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Alumni Association Award Recipients
Meet the alumni award recipients who received their honors during Reunion weekend:
Eleanor Kuester Nicholson ’52, Evanston, Illinois, had an outstanding 38-year career in education. Since 1969 Nicholson has been a teacher or administrator at various times with the University of Chicago’s Laboratory Schools, the Latin School of Chicago, Ancona School, Forest Ridge Academy, and the Erikson Institute, where she continues to work as a senior instructor. In 1989 Nicholson founded High Jump, an enrichment program for disadvantaged but promising students in Chicago; she remains a board member of this successful project. During the 2004–05 academic year, Nicholson was interim principal of Kodaikanal International School in Tamil Nadu, India. Nicholson earned a master’s degree in educational administration at the University of Chicago in 1981 and a PhD in historical foundations of education at Loyola University in 1995. She has been a board member of several professional educational organizations and received the Anne Tyskling Award for Distinguished Service in 1989. With her late husband, Tom, Nicholson raised four children.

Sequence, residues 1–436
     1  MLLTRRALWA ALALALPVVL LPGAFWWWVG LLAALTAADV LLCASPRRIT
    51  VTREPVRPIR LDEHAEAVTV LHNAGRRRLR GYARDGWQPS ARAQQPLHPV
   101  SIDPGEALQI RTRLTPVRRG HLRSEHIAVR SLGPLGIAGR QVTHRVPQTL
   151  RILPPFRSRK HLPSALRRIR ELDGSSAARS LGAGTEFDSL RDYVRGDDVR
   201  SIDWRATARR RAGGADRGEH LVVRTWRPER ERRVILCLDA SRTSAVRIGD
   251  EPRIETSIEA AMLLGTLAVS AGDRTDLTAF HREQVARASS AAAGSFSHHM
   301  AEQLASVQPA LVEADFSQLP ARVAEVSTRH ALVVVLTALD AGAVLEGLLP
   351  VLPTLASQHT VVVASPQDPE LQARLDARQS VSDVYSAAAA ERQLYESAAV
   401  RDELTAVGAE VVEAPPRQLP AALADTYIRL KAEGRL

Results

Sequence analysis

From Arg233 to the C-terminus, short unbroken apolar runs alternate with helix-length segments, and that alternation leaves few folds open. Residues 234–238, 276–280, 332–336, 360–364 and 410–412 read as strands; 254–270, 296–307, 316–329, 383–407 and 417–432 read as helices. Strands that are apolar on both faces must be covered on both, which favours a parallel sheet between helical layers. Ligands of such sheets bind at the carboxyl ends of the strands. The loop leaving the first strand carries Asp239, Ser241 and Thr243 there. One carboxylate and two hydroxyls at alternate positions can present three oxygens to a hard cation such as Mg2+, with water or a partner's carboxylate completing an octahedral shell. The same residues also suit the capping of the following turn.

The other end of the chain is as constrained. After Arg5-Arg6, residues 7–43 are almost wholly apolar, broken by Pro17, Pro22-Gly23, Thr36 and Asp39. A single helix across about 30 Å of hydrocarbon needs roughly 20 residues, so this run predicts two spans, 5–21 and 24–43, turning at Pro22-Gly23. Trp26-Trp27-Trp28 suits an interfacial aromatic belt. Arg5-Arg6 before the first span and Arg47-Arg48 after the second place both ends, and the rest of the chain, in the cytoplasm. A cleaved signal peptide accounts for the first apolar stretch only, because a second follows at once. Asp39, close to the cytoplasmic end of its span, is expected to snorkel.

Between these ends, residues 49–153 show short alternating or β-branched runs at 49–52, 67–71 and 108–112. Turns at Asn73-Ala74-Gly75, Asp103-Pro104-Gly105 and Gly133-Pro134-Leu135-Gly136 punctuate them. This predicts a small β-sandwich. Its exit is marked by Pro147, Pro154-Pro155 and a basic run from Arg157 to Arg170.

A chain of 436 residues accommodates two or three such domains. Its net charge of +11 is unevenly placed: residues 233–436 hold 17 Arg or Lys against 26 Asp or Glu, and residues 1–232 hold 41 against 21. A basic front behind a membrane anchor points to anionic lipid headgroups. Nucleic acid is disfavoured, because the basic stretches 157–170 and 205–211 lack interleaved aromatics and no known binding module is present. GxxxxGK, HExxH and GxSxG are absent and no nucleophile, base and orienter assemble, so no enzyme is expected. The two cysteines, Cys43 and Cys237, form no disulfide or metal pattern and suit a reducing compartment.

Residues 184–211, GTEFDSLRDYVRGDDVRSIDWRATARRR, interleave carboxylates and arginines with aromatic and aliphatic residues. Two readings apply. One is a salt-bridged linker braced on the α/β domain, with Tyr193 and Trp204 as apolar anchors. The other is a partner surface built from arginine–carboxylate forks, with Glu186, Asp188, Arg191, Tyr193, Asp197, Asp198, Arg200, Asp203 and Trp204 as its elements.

Betty Bonham Lies ’57, Princeton, New Jersey, is a nationally recognized arts educator who remains active as a poet and artist-in-residence. The New Jersey State Council on the Arts designated Lies a Distinguished Teaching Artist in 2000, and she received the New Jersey Governor’s Award in Arts Education in both 2000 and 2003. Her poetry is published in many journals, including Kalliope, Green Mountains Review, and US 1 Worksheets. Her book, The Poet’s Pen: Writing Poetry with Middle and High School Students, was published in 1993. Lies earned a master’s degree in English literature at the University of Wisconsin in 1958. She taught at the Stuart Country Day School in Princeton from 1971 to 1996 and was a finalist for the New Jersey Distinguished Teacher Award from Princeton University in 1983. Lies is a member of the US 1 Poets’ Collaborative and Cool Women Poets, among other organizations. With her late husband, Thomas, Lies has two children.